Here at the CBI’s climate change summit, most of the anger towards government has centred on the changes to the carbon reduction commitment (CRC), which has seen money originally earmarked for businesses with good environmental performances going to the Treasury instead. The BBC’s Roger Harrabin summed up the feeling in the room when he described it as the government “nicking your CRC dividend”.
So business leaders are relieved to hear Chris Huhne, the energy secretary, make some concessions today. Here’s what he said:
Today we have published a UK-wide consultation on delaying the start of Phase II of CRC. This means that participants won’t need to register for Phase II until 2013.
The director general of the CBI, the British business lobby group, has been outlining this morning his vision of where exactly the UK business sector is in terms of meeting its climate change commitments.
Speaking at the CBI’s climate change summit in London, Lambert made a fairly downbeat assessment of what has been achieved over the past three years. And he had two simple messages for UK policymakers: be consistent and stop hyping ‘green’ jobs.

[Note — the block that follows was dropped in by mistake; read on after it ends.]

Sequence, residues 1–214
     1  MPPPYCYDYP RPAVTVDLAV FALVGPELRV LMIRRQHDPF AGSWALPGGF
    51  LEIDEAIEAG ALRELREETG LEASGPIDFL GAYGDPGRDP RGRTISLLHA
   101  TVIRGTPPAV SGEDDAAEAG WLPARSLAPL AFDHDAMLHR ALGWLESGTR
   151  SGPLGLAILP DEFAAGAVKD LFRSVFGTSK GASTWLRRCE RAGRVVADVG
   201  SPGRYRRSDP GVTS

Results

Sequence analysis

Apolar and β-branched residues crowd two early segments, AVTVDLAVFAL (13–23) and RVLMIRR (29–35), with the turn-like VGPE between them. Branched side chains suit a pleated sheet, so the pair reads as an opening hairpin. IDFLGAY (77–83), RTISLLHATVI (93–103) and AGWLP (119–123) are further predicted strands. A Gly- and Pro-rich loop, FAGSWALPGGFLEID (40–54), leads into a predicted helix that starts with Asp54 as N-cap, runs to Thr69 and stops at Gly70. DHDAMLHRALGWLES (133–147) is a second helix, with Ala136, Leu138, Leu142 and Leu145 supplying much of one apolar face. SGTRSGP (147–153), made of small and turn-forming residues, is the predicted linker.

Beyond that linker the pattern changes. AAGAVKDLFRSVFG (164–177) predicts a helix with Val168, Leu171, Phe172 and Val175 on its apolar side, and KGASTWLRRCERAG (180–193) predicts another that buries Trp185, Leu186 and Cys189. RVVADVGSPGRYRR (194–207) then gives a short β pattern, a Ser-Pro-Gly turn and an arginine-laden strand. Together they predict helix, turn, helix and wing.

The second of these messages comes as something of a surprise from a spokesman for British industry, which has been told to expect a major boom from the creation of jobs related to tackling climate change.
Bob Dudley has been addressing the CBI today, making his first speech outside BP since becoming CEO last month.
His tone was humble and gracious. He said:
So it’s a pleasure as well as an honour to be invited to speak with you today.
It’s also humbling, not least because of the circumstances in which I stepped into this role – a tragic accident in which 11 people lost their lives and an oil spill that has impacted livelihoods, businesses and the environment.
But his message was essentially robust: we are not budging, either from the US or deepwater in general.
The British government has finally announced what we have known for a while: that it will keep in place the £60m of investment pledged by the last government to improve infrastructure for offshore wind.
David Cameron told the CBI annual conference:
To help secure private sector investment in this technology, we’re providing up to £60 million to meet the needs of offshore wind infrastructure at our ports. And to help move things forward, the Crown Estate will also work with interested ports and manufacturers to realise the potential of their sites.
It’s a triple win. It will help secure our energy supplies, protect our planet and the Carbon Trust says it could create 70,000 jobs.